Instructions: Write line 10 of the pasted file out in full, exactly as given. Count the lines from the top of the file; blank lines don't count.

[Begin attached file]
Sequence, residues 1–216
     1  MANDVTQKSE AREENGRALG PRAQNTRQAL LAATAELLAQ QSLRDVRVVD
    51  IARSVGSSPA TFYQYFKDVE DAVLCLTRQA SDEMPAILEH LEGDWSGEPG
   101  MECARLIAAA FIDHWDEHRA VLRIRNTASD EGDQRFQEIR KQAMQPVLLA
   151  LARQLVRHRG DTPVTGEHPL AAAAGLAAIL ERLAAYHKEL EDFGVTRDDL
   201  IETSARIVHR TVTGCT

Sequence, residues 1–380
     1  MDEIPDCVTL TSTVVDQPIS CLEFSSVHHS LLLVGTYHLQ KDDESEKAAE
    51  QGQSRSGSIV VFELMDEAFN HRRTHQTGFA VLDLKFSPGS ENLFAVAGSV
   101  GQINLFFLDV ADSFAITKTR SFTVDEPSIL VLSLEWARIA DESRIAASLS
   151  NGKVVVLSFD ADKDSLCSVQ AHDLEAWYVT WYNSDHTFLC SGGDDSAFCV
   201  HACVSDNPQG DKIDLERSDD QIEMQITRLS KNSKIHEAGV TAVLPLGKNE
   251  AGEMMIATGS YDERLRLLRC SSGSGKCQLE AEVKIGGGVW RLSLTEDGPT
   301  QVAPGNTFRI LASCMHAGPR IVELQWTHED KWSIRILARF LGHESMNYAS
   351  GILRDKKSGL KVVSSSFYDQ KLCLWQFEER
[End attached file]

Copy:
   101  GQINLFFLDV ADSFAITKTR SFTVDEPSIL VLSLEWARIA DESRIAASLS